ExoMars mission to find life on the Mars postponed due to Ukraine invasion

The ExoMars rover mission, set to launch in 2022, has been postponed due to Russia's invasion of Ukraine.

The mission to find life on the Red Planet was a joint Russian-European venture, set to launch from a spaceport in Kazakhstan. Onboard was a European rover and a Russian lander.

However the European Space Agency (ESA) has put that on hold indefinitely amid President Vladimir Putin's widely condemned attacks on Russia's neighbouring country.

In a strongly worded statement, the ESA said it "deeply deplored the human casualties and tragic consequences of this aggression towards Ukraine".

"While recognising the impact on scientific exploration of space, ESA is fully aligned with the sanctions imposed on Russia by its Member States."

The ExoMars rover, named after DNA pioneer Rosalind Franklin, is the second mission by the two organisations to explore Mars.

The first, in 2016, sent an orbiter and lander to the Red Planet. Schiaparelli, the lander, was to be used to test landing technology for future missions but crash-landed instead.

Instruments on the new rover are designed to search for water below the surface of the planet, while others will look for organic compounds in samples. The presence of organic matter would be a key indicator of life.

During a meeting of its ruling council the war in Ukraine impact on the ExoMars mission was discussed and the group "unanimously acknowledged the present impossibility of carrying out the ongoing cooperation with Roscosmos on the ExoMars rover mission with a launch in 2022".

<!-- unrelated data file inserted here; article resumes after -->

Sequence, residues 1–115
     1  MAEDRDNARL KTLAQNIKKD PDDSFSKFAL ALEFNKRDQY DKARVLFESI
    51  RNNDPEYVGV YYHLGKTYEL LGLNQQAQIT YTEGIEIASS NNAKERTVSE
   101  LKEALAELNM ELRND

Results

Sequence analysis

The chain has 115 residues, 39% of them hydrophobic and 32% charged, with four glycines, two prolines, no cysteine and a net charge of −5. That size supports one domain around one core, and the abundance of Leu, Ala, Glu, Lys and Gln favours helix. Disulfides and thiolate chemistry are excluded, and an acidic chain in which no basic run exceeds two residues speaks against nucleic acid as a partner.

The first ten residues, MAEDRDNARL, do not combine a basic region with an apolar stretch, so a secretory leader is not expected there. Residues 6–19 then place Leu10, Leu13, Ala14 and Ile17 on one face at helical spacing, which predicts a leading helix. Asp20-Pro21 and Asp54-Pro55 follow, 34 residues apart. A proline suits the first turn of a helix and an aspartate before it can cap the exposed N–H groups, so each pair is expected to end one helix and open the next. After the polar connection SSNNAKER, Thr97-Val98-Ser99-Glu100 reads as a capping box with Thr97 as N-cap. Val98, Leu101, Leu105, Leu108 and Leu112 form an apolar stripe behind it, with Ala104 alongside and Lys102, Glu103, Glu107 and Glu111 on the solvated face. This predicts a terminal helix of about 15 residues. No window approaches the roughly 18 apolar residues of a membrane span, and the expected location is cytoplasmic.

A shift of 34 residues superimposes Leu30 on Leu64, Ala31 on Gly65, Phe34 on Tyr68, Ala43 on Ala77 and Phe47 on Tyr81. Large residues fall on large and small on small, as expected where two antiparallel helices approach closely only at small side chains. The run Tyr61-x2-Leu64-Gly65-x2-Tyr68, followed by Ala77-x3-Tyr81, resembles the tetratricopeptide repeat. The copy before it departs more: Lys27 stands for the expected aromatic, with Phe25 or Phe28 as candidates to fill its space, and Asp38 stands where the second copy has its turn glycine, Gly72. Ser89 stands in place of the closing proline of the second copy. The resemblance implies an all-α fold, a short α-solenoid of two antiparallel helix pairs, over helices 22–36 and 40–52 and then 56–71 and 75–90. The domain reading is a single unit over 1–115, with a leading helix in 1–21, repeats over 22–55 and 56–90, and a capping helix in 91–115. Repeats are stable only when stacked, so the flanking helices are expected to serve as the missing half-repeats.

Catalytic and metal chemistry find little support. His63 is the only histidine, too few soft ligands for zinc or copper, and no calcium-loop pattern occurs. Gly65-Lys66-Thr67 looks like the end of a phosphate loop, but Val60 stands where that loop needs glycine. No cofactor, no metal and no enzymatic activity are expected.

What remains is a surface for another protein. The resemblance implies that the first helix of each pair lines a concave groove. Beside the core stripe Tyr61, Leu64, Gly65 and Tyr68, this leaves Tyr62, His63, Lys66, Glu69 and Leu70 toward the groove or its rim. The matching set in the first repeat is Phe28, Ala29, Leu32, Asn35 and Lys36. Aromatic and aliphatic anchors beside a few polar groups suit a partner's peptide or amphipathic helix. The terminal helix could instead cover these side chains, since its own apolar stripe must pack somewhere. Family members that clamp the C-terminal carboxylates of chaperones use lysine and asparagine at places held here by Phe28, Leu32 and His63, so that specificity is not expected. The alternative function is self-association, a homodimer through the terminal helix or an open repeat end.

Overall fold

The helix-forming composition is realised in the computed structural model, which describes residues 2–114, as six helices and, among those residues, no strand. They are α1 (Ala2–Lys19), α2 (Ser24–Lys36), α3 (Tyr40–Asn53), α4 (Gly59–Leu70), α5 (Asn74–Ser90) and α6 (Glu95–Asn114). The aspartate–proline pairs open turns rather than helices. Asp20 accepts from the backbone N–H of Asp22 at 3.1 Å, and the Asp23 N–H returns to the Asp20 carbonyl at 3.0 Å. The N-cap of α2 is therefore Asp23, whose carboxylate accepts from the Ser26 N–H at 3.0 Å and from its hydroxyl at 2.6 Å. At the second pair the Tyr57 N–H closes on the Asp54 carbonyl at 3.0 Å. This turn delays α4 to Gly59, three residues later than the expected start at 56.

The council also mandated the ESA Director General to suspend all cooperation with Roscosmos and carry out a "fast-track industrial study" to find a way forward with the ExoMars mission.

Since sanctions were imposed, Roscosmos has withdrawn its personnel from Europe's spaceport in French Guiana, forcing all Soyuz missions to be put on hold, five of which were due to be for the ESA.

"A robust launch manifest for ESA missions’ launch needs, including for spacecraft originally planned for launch by Soyuz from Kourou, will be submitted to Member States," the ESA wrote.  

The latest blow to space cooperation comes just a day after former NASA astronaut Scott Kelly dropped his feud with head of Roscosmos Dmitry Rogozin after the US agency said it could endanger the future of the ISS.

Rogozin had called Kelly a "moron" and insinuated he was suffering from Alzheimer's.

Kelly has since returned a Russian space medal awarded for multiple Soyuz flights, due to the Ukraine invasion.